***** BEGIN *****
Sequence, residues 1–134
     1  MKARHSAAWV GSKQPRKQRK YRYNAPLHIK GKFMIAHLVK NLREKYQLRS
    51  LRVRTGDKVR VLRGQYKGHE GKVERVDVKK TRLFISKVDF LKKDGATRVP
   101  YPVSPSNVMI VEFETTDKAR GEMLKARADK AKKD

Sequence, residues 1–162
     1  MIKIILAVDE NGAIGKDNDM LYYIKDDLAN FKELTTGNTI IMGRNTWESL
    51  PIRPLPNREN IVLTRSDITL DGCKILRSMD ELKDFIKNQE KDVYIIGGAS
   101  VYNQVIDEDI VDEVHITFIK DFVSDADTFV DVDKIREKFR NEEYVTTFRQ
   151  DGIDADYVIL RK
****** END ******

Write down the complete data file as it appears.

Sequence, residues 1–134
     1  MKARHSAAWV GSKQPRKQRK YRYNAPLHIK GKFMIAHLVK NLREKYQLRS
    51  LRVRTGDKVR VLRGQYKGHE GKVERVDVKK TRLFISKVDF LKKDGATRVP
   101  YPVSPSNVMI VEFETTDKAR GEMLKARADK AKKD

Sequence, residues 1–162
     1  MIKIILAVDE NGAIGKDNDM LYYIKDDLAN FKELTTGNTI IMGRNTWESL
    51  PIRPLPNREN IVLTRSDITL DGCKILRSMD ELKDFIKNQE KDVYIIGGAS
   101  VYNQVIDEDI VDEVHITFIK DFVSDADTFV DVDKIREKFR NEEYVTTFRQ
   151  DGIDADYVIL RK